This is another one of those gadgets that got me all excited when I first heard about it. They make several kits ranging from $150 to $475 and there are 18.5" and a 25.5" models. They sent me their top of the line to test: The Serious Eats KettlePizza Special Edition Kit with the Prograte, Tombstone, Baking Steel, Wood, and Aluminum Peels and a10% Donation to Charity.
KettlePizza is a well made stainless steel ring that sits between the lid and base of your Weber Kettle, and a pizza stone. There is a big opening in the ring so you can slide your pizza in and out, just like a real wood burning pizza oven. The Special Edition has a tombstone shaped stone that sits in its own ring and is flush with the front of the kettle under the opening. There is space on the sides, and rear, and a pocket in the rear to hold wood chunks or small logs. Above the pizza is a heavy steel reflector.
The idea is that the hot logs create flame that licks along the metal plate above the pie creating an environment similar to a real stone pizza oven. The problem with grilling pizzas in general is that the bottoms tend to burn before the tops cook so this arrangement is designed to solve that problem. In theory it sounds ideal, and it looks really cool!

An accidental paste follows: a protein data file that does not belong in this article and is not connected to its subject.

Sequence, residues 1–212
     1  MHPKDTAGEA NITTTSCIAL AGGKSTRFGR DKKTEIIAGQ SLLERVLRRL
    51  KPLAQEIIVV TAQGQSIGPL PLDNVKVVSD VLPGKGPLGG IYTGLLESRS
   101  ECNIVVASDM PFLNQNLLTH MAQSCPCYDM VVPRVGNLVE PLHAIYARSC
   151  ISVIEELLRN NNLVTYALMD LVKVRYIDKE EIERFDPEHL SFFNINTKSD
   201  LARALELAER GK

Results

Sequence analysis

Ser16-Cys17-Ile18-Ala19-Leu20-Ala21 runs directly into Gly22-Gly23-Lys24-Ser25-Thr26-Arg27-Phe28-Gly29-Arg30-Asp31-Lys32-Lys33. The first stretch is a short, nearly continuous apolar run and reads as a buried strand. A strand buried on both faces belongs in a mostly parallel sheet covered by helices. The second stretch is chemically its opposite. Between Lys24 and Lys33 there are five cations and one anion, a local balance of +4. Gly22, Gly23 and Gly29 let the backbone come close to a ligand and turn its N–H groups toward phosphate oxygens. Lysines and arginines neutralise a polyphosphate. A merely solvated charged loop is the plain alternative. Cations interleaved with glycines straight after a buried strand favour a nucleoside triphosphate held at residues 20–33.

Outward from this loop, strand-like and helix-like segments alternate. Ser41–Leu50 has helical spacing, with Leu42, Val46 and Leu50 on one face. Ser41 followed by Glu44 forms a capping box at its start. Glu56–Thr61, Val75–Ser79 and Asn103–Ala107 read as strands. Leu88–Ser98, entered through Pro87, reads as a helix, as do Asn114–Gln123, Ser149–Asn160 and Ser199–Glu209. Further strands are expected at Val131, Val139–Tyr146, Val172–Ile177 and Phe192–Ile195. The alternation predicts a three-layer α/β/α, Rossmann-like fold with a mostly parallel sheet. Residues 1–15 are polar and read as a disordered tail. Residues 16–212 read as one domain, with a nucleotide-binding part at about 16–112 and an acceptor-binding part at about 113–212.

I'll let Chef Ryan Udvett, our test kitchen director have the final word "This is a case of good intentions, great design research, and passion for pizza coming together and adding up to less then the sum of its parts. It just doesn't outperform a plain old kettle with a stone if you set it up properly. Then there is the price tag and the cost of fuel since it requires both charcoal and hard would to function. And lastly it is a specialty device, a uni-tasker that needs a lot of storage space."